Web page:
26. We must now consider the decisions which have taken a somewhat different view. Vadilal Lallubhai Mehta v. Commissioner of Income-tax was a case under section 66 of the Act, as it stood prior to the amendment of 1939, and what was held there was that even though the assessee had not stated in his application for reference the questions which really arose out of the order, it was for the commissioner to formulate the correct questions and refer them to the court, and where he had failed to do so, the court could direct him to do so. This is not a decision on the question as to whether question not raised before or decided by the commissioner could be held to be questions arising out of his order.

27. In New Piecegoods Bazaar Co. Ltd. v. Commissioner of Income-tax the question that was referred under section 66(1) was whether taxes paid on urban immovable property by the assessee were an allowable deduction under section 9(1)(iv) and section 9(1)(v) of the Indian Income-tax Act. An objection was raised before the court that the question as to the application of section 9(1)(iv) had not been argued before the Tribunal and, therefore, it could not be referred. Repelling this contention, Kania, J., as he then was, observed that the specific question had been put forward as a ground of appeal, and that was 'quoted by the Tribunal in its judgment' but not dealt with by it, and that in the circumstances the proper order to pass was to refer the case back to the tribunal and 'invite it to express its opinion on this aspect of the contention and raise a proper question of law on that point also.'This judgment again proceeds on the view that it is only a question raised before and dealt with by the Tribunal : [1947]15ITR319(Bom) . that-could be referred under s. 66(1), and that is clear from the observations of the learned Judge that the decisions of the Privy Council in Commissioner of Income-tax v. Kameshwar Singh(1) and National Mutual Life Association V. Commissioner of Income-tax (2), deprecating the practice of raising new questions in the, stage of argument on the reference in the High Court did not stand in the way of the case being referred back to the Tribunal.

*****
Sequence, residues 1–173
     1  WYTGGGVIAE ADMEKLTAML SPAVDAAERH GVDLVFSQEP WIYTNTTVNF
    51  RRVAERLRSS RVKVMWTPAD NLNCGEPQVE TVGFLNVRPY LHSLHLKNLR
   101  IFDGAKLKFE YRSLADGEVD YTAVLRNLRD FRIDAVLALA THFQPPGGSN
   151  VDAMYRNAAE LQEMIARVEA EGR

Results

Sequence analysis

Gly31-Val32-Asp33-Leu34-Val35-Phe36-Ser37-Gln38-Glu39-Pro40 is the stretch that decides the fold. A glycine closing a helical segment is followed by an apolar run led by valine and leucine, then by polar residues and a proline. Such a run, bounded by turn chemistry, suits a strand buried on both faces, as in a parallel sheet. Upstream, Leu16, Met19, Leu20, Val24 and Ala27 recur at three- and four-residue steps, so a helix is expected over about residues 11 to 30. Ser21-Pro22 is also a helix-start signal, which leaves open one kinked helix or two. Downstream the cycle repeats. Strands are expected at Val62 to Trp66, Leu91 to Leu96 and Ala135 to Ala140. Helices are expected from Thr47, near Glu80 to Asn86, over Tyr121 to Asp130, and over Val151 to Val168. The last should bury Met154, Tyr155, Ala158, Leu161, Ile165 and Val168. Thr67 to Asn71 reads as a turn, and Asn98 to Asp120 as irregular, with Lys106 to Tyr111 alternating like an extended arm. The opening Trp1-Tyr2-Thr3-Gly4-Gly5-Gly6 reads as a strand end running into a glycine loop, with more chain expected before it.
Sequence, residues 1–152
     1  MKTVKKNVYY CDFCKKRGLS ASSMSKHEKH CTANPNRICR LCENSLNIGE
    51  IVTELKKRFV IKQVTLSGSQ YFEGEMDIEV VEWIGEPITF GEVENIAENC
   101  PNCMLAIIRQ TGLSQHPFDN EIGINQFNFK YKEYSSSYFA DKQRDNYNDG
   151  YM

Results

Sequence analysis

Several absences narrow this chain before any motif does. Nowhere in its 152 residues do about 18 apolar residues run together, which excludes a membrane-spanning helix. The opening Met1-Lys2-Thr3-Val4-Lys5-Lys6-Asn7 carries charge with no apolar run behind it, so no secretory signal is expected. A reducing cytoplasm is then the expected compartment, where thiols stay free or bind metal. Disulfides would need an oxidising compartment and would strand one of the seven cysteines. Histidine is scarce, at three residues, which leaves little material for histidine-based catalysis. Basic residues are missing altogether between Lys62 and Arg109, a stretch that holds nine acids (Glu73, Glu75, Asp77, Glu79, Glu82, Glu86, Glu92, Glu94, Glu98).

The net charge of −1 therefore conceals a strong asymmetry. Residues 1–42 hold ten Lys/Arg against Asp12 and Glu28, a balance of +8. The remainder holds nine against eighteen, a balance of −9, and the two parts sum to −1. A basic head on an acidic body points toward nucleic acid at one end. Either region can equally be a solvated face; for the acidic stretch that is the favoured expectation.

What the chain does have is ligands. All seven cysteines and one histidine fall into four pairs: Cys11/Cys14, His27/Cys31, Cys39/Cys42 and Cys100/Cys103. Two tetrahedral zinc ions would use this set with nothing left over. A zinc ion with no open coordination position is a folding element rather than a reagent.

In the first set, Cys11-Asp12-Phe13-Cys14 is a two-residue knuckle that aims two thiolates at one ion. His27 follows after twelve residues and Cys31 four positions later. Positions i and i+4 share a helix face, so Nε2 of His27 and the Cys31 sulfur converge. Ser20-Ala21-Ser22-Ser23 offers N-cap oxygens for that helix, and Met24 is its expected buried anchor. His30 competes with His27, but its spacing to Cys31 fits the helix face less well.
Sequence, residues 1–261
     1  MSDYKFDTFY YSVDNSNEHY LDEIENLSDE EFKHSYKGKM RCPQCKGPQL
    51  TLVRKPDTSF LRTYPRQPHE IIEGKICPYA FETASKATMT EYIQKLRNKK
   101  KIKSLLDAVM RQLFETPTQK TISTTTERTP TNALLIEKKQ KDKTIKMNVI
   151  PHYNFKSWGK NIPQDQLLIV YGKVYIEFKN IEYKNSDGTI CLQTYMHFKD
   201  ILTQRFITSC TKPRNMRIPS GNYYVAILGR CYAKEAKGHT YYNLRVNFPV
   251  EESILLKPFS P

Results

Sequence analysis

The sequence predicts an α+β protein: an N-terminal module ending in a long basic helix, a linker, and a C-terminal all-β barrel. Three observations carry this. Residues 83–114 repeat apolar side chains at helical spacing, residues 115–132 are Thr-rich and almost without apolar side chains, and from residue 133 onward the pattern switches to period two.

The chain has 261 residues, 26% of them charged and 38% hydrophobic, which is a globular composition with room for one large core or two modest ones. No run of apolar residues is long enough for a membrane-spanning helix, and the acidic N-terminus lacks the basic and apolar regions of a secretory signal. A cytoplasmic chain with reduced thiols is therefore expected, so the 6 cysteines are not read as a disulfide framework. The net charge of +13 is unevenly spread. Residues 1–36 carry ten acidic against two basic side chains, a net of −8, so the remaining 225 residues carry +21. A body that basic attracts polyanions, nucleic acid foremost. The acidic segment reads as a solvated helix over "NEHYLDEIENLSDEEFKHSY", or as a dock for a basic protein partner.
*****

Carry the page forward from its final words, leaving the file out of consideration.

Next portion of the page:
28. In Madanlal Dharnidharka v. Commissioner of Income-tax the Tribunal referred under section 66(1) the following question for the decision of that court :

'Whether the remittance of Rs. 2,01,000 out of profits, made by the assessee in the years preceding the Maru year 1999-2000 as a non- resident, could be included under section 4(1)(b)(iii) of the Indian Income-tax Act in his total income of the year of account in which he was a resident in British India ?'

29. This question had not been argued before the Tribunal, but the Tribunal itself referred it because it considered that it arose out of its order. The reference was heard by Chagla, C.J., and Tendolkar, J. Before them an objection was raised that the Tribunal could not refer this question under section 66(1) as the same had not been raised before it. Chagla, C.J., observed :

'In my opinion it is necessary clearly to re-state the jurisdiction of this court. This is not a court of appeal. This court merely exercises an advisory jurisdiction. Its judgments are in the nature of advice given on the questions submitted to it by the Tribunal. Its advice must be confined to question referred by the Tribunal to this court and those questions must be questions of law which must arise out of the order made by the Tribunal. Now, looking at the plain language of the section apart from any authority, I should have stated that a question of law arose out of the order of the Tribunal if such a question was apparent on the order itself or it could be raised on the facts found by the Tribunal and which were stated in the order. I see no reason to confine the jurisdiction of this court to such questions of law as have been argued before the Tribunal or are dealt with by the Tribunal. The section does not say so and there is no reason why we should construe the expression 'arising out of such order' in a manner unwarranted by the ordinary grammatical construction of that expression. This court has no jurisdiction to decide questions which have not been referred by the Tribunal. If the Tribunal does not refer a question of law under section 66(1) which arises out of the order then the only jurisdiction of the court is to require the Tribunal to refer the same Under section 66(2). It is true that the court has jurisdiction to resettle questions of law so as to bring out the real issue between the parties but it is not open to the court to raise new questions which have not been referred to it by the Tribunal.'